How To Make The Freemium World Pay - hypebot

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Suzanne Lainson

Here's the challenge. Just about anything you can offer in addition to the music is also being offered by non-musicians.

So you want to create a compelling show that people will pay to watch online? You're going to compete with anything online that provides entertainment, not just musical entertainment.

So you want to offer a compelling live show that is worth a high priced ticket? What constitutes a great live show these days often includes non-musical excitement like lights, projections, and so on. The music itself may be secondary to the total package.

Want to offer cool merch? You're competing with outlets that specialize in clothing, artwork, collectibles, and so on. People can listen to your music and then go out and buy someone else's merch.

Want to offer a fun event like a dinner with music? What if someone who specializes in food decides to focus on the food and then tosses in some music to enhance the food experience? Can you compete with them?

In the process of giving away the music and selling the "other stuff," it's the other stuff that defines the value. I'm not saying there's an easy solution to counter this. I'm just pointing out that by needing to add the other stuff to create value, the other stuff IS the value.

GEPES

"We have come to an age where a core product — recorded music — is no longer differentiated by price." To be honest, I think that you can even argue that music in and of itself is no longer a product. If essentially the other sources of revenue are deriving from so many other things instead of the music itself strictly speaking, then can't we argue that music now is simply just the marketing aspect of what is in reality a bigger brand?

Great article by the way!

Suzanne Lainson

If essentially the other sources of revenue are deriving from so many other things instead of the music itself strictly speaking, then can't we argue that music now is simply just the marketing aspect of what is in reality a bigger brand?

Yes, I totally agree. Music has become like packaging or a trademarked color. It's what is being used to sell something else. In these situations a musician doesn't have much to offer without pairing with another company. The musician provides the music to move something else and can either become a work-for-hire for the selling company, or a partner who gets a percentage of the sale.

So I suppose for a marketing person who wants to work with musicians, you need to find ways to help musicians hook up with a company producing goods and services consumers want to buy. You become a broker/agent playing match-maker and collect a fee (either from the musician or the company) or a percentage of sales for your efforts in facilitating a successful deal.

Alicia

Thanks GEPES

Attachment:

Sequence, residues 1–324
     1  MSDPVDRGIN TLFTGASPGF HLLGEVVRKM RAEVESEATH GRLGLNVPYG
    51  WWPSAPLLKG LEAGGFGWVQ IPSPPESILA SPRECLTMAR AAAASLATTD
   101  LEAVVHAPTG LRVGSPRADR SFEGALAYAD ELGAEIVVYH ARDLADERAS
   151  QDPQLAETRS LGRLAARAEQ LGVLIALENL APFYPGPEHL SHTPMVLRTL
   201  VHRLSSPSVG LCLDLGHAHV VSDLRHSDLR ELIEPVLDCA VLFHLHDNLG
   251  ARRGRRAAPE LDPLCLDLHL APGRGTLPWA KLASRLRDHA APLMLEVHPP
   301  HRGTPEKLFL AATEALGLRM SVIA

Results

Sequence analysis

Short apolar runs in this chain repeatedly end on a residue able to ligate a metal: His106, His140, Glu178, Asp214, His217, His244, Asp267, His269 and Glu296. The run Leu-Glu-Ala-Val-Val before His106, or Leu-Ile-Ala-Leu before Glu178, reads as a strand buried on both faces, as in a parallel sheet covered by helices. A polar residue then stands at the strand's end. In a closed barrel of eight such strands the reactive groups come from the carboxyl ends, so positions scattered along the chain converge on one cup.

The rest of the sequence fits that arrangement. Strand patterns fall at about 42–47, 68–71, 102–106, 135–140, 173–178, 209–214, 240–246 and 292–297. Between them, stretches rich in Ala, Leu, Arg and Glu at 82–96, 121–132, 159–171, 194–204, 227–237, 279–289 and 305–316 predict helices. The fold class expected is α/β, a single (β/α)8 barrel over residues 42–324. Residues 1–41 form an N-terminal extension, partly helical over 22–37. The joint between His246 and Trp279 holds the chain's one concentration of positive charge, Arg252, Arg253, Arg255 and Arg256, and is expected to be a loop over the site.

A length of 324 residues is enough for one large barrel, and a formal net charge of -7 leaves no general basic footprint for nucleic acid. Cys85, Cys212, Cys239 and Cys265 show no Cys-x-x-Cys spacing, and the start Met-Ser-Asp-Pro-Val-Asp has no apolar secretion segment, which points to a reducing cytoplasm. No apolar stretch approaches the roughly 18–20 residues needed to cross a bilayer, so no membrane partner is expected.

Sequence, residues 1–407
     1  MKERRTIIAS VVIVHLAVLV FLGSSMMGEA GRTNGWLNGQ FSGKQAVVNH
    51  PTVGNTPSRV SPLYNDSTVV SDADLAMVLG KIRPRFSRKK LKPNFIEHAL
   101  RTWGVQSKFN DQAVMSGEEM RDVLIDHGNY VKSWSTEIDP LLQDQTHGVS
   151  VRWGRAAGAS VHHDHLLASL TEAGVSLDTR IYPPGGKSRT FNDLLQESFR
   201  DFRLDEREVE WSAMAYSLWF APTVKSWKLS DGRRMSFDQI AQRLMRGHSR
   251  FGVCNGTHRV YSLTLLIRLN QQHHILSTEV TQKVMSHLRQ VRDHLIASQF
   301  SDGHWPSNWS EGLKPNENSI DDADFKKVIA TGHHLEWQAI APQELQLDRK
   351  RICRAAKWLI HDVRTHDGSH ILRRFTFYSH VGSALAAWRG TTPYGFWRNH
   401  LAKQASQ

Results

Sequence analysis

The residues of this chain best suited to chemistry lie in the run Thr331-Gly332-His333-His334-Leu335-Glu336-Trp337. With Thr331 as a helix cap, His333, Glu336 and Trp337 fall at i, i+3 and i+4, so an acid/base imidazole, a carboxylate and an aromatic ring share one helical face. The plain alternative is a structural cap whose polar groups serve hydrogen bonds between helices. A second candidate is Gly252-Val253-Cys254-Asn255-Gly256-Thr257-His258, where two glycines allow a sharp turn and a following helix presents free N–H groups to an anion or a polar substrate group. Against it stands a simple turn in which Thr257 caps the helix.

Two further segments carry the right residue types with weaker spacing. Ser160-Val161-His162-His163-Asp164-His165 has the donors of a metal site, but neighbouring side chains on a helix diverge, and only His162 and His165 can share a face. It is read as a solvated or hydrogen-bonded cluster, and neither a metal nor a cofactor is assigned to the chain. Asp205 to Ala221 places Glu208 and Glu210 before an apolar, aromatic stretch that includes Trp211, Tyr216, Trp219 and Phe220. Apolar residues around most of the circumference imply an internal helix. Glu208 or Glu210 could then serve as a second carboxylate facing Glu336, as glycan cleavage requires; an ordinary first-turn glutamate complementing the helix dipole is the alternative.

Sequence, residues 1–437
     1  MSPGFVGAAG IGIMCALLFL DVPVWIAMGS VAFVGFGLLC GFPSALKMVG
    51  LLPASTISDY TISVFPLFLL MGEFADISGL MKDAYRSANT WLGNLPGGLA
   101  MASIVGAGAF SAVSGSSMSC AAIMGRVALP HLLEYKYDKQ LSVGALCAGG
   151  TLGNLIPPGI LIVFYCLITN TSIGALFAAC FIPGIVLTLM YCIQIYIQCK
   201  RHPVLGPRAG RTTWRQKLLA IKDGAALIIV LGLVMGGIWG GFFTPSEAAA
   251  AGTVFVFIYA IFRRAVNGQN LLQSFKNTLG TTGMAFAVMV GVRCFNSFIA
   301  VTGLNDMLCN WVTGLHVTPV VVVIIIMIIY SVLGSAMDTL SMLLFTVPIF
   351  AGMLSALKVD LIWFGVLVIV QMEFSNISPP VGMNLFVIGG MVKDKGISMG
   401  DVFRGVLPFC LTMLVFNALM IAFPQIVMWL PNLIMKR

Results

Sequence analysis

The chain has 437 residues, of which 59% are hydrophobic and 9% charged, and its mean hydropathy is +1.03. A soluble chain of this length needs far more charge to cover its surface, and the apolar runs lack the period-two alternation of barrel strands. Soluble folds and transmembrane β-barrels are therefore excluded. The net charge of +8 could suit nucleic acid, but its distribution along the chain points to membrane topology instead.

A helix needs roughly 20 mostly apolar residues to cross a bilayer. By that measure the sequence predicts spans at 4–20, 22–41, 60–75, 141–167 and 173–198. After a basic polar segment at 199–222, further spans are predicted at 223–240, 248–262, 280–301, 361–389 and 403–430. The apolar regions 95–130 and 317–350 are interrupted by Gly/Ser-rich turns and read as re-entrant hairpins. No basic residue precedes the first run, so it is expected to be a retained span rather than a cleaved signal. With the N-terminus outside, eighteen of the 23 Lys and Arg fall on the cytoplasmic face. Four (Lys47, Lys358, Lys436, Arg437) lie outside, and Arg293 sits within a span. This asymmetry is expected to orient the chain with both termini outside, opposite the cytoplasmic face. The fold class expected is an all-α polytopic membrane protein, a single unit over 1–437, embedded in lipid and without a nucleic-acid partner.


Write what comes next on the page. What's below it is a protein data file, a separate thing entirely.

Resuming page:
Alicia

Hi Suzanne - that is a great point. I would argue, however, that music already competes with an overall category of "entertainment dollrs" in which it competes with other leisure activities. I agree, on a certain level, that the "otehr stuff" is the value, but I want to argue that there is also intrinsic value to music and we need to do a better job communicating that, like luxury brands do.

Suzanne Lainson

I want to argue that there is also intrinsic value to music and we need to do a better job communicating that, like luxury brands do.

There definitely is value in music, but getting people to pay for that value nowadays is a challenge. The usual comparison is water. People will buy bottled water even when tap water is available. They have been convinced either (1) the bottled water is better, (2) bottled water is more convenient, and/or (3) there's status in displaying a cool bottle.

I think there are several reasons why is it is harder to do with music than with water. (1) There's a lot more music than there is bottled water. With water you're mostly comparing free water to a relatively limited number of bottled brands and other drinks. But with music there is such an unlimited supply that people won't necessarily feel they need to spend money on music given the vast amount of choice. (2) Water in some form is a necessity. People are going to drink something. So they already know they will either get free water or buy something. With music people don't "need" it and can get all they want for free.

I'm just tossing all of this out there to get people to think about it. I'd like to see more creative forms of music marketing, too.

Alicia

Hi Suzanne - again, totally agree with all your points, and the sideways comparison of music and water. I'm probably going to get attacked for this, but I think a more apt comparison is paying a psychic. You pay for the promise of what they deliver, and the belief that there is value in their services. That's part of the messaging and the marketing that I think we've lost. To take that a bit further...religion is similar. The BELIEF is what matters and I think that's what we've lost. We need enough believers to contribute to the community around a band to carry along those who don't or can't pay, but add value by participating in the community. We need to evangelize for our artists, rather than seeing who works best...I know, it's a little crazy, but conceptually, I think that's the comparison. To move back into the capital world, just because a product claims to be of higher quality doesn't mean that it is. Do we pay more for American Apparel because of the belief in the importance of keeping jobs domestic? Maybe.

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